Where would Pontiac be now?

Pontiac GTO Nose Emblem

On this day, April 27, 2009, General Motors announced that it would wind down the Pontiac brand as a part of the company’s restructuring following the housing and banking collapse of 2007–08. Many of the Pontiac faithful, including some members of the Hagerty editorial staff, are ardent fans of the brand and were sorry to see it go.

Today, Pontiac keeps company with Plymouth, Oldsmobile, and Mercury in the pantheon of dead brands that had fantastic muscle cars (and also a long relationship with boring badge jobs and complacent mediocrity). As gearheads, we mourn the loss of those brands as well, but Pontiac’s death still stings. Why? Pontiac was showing signs of a resurgence right when GM pulled the plug. Solstice and G8, especially the GXP variants, were finally living up to the “driving excitement” promised by Pontiac years before as GM was building better cars overall, putting the image of early 2000s Pontiacs and plastic cladding behind it.

Today, performance cars from Cadillac and Chevrolet are nothing short of amazing, so it’s hard not to imagine what Pontiac would have been like if it had been allowed to weather GM’s restructuring. The argument could be made that there’s nothing that Pontiac could build that couldn’t also be sold with a bowtie on the grille, and Chevrolet did just that by picking up where the Pontiac G8 left off—it imported the SS sedan from Holden in Australia (briefly). The enthusiast in all of us has got to wonder what more could have been.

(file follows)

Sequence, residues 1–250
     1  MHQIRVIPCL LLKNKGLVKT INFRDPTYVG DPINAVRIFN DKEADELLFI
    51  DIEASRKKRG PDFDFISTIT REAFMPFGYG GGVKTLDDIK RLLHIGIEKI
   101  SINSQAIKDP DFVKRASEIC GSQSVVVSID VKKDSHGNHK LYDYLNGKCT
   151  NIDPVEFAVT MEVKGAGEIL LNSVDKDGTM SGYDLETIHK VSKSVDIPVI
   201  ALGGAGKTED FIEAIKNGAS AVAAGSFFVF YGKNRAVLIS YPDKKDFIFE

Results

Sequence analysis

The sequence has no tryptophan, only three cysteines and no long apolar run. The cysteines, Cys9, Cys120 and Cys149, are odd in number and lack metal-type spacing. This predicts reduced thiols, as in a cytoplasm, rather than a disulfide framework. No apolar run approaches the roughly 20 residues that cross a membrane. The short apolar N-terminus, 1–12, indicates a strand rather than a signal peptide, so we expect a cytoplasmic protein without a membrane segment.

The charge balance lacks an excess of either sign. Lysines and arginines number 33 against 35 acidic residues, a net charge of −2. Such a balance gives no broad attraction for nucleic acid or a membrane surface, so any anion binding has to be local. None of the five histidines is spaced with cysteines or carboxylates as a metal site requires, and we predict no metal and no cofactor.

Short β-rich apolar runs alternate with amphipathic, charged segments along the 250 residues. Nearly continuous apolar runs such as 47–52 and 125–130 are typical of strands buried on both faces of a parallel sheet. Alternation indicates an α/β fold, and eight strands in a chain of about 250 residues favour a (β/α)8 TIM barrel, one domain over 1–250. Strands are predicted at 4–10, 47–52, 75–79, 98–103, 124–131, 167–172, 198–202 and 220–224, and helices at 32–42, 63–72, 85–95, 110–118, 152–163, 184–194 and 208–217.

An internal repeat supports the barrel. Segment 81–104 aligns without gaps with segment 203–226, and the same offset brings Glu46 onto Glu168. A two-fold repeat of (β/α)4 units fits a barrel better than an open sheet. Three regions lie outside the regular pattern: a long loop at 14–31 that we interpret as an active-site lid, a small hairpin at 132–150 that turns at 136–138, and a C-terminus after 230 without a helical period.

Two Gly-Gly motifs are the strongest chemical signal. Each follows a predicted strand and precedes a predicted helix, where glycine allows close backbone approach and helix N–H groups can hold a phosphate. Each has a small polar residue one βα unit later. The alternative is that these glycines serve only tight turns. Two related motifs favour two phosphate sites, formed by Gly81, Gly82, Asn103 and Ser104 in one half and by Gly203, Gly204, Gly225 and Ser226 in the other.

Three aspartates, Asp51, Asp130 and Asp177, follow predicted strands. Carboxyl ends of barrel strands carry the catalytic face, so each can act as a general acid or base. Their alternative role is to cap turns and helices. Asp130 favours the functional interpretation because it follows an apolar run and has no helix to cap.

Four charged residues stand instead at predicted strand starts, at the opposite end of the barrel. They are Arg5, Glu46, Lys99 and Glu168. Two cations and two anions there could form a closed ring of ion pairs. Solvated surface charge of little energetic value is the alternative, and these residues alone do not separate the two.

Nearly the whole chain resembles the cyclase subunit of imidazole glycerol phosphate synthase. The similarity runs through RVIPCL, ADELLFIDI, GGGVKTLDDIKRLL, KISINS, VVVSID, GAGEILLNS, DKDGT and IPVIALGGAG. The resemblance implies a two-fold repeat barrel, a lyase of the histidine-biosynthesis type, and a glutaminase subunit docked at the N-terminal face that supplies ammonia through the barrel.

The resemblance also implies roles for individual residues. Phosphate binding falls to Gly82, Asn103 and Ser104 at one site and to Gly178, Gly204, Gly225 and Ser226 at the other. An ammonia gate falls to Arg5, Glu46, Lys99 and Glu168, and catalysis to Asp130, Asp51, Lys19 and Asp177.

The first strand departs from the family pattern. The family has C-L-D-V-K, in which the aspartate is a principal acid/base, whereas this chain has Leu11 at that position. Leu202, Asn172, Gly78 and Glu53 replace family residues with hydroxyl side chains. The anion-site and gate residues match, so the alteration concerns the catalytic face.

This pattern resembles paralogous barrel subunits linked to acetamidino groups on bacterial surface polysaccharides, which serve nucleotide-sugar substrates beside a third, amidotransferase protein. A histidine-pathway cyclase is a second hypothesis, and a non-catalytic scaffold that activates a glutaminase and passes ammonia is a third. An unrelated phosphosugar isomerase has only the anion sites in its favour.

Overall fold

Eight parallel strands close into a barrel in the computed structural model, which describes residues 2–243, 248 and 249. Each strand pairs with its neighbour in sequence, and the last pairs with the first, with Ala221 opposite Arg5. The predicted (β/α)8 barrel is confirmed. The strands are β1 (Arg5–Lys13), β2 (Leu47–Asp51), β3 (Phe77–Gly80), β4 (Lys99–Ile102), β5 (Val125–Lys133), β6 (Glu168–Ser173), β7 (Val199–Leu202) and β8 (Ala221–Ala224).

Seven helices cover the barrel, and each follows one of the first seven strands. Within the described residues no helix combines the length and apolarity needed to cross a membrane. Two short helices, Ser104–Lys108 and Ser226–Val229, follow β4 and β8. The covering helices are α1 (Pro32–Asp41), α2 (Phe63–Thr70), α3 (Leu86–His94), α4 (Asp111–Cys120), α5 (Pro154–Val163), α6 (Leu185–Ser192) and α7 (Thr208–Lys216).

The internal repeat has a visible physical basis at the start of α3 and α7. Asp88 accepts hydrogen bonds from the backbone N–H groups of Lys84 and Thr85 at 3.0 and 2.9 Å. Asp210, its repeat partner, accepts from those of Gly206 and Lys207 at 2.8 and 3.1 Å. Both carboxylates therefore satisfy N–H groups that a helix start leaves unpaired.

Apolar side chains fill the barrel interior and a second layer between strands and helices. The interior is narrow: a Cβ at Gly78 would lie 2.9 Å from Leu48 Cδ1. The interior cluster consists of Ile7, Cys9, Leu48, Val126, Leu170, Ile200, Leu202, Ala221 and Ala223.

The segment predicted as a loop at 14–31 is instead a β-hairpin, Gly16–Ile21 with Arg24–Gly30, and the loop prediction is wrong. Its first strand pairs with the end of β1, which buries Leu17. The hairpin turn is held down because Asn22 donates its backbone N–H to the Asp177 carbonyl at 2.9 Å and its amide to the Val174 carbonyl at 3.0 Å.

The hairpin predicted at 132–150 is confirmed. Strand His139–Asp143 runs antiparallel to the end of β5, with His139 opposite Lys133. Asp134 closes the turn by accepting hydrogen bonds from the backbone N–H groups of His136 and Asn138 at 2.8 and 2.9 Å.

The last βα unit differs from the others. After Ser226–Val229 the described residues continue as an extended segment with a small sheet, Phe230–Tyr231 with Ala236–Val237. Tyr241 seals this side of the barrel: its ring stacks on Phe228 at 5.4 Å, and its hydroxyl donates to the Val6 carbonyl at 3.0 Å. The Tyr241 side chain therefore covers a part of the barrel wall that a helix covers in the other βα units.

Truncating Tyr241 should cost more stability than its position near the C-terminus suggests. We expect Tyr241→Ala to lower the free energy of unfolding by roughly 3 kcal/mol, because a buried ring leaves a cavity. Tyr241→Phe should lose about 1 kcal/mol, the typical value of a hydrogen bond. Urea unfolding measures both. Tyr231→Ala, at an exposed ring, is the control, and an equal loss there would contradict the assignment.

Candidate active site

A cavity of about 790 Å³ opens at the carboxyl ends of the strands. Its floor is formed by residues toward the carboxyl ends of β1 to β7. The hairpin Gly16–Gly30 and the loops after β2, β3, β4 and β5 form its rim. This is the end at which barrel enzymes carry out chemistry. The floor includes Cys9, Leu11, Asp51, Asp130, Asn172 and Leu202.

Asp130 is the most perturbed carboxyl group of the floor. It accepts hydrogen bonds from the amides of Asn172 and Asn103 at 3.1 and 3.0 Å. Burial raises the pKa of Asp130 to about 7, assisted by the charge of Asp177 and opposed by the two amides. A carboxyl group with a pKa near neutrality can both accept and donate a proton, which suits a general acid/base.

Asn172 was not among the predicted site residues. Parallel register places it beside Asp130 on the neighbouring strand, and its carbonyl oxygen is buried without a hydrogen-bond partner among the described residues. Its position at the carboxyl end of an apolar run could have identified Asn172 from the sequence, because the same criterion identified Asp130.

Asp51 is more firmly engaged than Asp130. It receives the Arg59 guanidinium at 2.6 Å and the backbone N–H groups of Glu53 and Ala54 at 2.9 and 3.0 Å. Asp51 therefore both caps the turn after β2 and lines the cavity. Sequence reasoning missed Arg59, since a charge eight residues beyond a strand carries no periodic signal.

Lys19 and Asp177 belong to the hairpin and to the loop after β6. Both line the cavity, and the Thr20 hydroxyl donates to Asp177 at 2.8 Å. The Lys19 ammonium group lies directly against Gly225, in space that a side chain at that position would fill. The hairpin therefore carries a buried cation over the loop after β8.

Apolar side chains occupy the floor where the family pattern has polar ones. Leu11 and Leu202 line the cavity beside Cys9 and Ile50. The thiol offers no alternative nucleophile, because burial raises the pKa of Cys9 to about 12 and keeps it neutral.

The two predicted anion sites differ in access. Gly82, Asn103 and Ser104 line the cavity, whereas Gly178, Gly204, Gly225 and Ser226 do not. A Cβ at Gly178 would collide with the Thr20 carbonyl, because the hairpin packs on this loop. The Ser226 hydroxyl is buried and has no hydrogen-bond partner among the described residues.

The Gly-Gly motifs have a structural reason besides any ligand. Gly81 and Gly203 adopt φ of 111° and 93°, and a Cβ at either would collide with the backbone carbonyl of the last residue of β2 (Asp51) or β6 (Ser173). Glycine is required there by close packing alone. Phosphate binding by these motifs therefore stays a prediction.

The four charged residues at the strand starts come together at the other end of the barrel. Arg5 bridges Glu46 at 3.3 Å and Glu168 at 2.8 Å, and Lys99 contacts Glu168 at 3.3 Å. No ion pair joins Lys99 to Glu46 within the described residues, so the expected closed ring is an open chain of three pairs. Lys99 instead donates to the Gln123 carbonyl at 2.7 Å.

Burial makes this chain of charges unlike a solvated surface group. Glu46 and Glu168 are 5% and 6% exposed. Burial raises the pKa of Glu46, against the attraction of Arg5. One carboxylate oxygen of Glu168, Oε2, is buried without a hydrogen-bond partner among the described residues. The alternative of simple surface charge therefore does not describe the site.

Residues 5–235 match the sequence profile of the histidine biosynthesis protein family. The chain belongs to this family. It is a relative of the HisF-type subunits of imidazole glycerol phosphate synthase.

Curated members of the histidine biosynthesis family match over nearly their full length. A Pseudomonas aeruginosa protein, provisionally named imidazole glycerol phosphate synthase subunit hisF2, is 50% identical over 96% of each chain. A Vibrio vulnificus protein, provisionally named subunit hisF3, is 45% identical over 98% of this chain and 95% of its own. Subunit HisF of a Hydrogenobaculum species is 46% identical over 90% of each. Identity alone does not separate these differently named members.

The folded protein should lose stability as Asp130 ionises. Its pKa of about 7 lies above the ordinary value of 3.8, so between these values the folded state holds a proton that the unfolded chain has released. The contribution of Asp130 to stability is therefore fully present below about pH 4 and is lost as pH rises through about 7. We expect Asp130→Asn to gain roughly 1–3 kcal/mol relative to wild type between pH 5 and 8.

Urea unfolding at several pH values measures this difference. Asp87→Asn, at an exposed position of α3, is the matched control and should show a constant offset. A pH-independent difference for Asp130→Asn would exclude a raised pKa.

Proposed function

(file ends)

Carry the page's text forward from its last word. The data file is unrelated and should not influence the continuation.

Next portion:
It’s not difficult to fantasize a lineup filled with rear-wheel-drive cars from compact to full-size: a Fiero using the Sonic or Cruze’s front-wheel-drive, turbo-four drivetrain mounted amidship, an Alpha-based GTO with more exciting style than the last one we got as a Holden hand-me-down, and a full-size Bonneville sedan to take on the Charger, with a Safari wagon to add some utility.

Of course, the current trend in the North American market is showing a move away from sedans towards more crossovers. Pontiac’s notorious Aztek had its loyal fans, but if Pontiac were still on the market it would no doubt have some sort of crossover to fill that popular segment. It seemed like such an oddity to have a brand known for its fun and exciting cars churn out a crossover, but it seems to be working for Porsche, BMW, Alfa Romeo, Jaguar, and even Lamborghini.

Before we pour some out for Pontiac, we’ll turn things over to you now: If Pontiac showrooms still existed, what model would you most like to see? What powertrains would it use, and how would it stack up to the competition?